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Cholera outbreak in a naïve rural community in Northern Nigeria: the importance of hand washing with soap, September 2010
Saheed Gidado | Emmanuel Awosanya | Suleiman Haladu | Halimatu Bolatito Ayanleke | Suleman Idris | Ismaila Mamuda | Abdulaziz Mohammed | Charles Akataobi Michael | Ndadilnasiya Endie Waziri | Patrick Nguku
Date of Publication:
The Pan African Medical Journal
Cholera outbreaks in rural communities are associated with high morbidity and mortality. Effective interventions to control these outbreaks require identification of source and risk factors for infection. In September, 2010 we investigated a cholera outbreak in Bashuri, a cholera naïve rural community in northern Nigeria to identify the risk factors and institute control measures. We conducted an unmatched case-control study. Mean age was 29 years (± 20 years) for cases and 32 years (± 16 years) for controls; 38 (47.5%) of cases and 60 (75%) of controls were males. Compared to controls, cases were less likely to have washed hands with soap before eating (age-adjusted odds ratio (AAOR) = 0.27, 95% confidence interval (CI): 0.10-0.72) and less likely to have washed hands with soap after using the toilet (AAOR = 0.34, 95% CI: 0.15-0.75). Vibrio cholerae O1 was isolated from six stool samples but not from any open-well samples. Unhygienic handwashing practices was the key risk factor in this outbreak. We educated the community on personal hygiene focusing on the importance of handwashing with soap.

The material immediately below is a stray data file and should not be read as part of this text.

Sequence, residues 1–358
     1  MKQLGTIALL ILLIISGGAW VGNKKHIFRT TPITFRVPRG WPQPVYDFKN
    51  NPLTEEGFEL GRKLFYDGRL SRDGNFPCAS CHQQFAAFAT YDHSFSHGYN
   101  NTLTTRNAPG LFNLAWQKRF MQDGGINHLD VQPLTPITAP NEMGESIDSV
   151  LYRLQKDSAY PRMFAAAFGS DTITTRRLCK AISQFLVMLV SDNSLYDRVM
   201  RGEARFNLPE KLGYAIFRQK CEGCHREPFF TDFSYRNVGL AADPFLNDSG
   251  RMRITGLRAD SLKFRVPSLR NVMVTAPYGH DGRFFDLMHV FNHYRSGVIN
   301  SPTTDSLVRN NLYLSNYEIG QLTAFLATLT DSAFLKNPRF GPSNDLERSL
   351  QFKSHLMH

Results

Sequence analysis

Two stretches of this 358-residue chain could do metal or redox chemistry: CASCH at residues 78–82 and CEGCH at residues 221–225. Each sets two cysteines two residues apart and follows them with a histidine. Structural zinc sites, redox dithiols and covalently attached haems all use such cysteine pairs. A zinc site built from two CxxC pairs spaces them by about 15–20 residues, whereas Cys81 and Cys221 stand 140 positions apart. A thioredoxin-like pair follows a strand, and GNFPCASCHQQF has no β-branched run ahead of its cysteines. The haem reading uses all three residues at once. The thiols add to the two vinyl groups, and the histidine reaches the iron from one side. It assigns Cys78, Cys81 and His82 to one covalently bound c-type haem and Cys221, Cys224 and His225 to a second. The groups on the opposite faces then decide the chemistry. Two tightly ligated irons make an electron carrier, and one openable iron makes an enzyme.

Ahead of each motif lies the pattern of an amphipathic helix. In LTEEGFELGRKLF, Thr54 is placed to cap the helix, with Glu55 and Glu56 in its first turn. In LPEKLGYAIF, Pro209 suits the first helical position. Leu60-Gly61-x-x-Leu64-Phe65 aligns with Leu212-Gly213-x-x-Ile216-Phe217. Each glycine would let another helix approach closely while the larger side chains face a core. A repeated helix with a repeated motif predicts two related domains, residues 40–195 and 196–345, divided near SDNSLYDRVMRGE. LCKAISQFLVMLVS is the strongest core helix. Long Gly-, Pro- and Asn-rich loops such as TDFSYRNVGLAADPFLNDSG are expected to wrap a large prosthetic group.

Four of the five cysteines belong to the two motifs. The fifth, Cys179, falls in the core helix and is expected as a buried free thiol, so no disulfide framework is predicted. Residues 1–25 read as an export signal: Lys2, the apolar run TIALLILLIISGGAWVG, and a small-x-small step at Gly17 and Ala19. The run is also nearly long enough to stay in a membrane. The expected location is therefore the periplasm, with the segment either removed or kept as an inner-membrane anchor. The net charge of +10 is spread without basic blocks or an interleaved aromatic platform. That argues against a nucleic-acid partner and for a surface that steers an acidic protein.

Risk factors of cholera transmission in rural areas in Haiti
P. Gazin | R. Barrais | F. Uwineza
Date of Publication:
Feb 01, 2017
Medecine Et Sante Tropicales
During the first half of 2014, cholera, which has been present in Haiti since October 2010, has persisted in several foci, each with its epidemiological peculiarities. The scarcity of water resources and the difficulty of disposing of them in sufficient quantities in homes are factors that may have contributed to the spread of the disease. Population gatherings in places without protected access to water or sanitation have been another factor. Awareness raising activities on hygiene and improving access to chlorinated water have had positive results. To be effective, the preventive responses must be adapted to the peculiarities of situations and populations.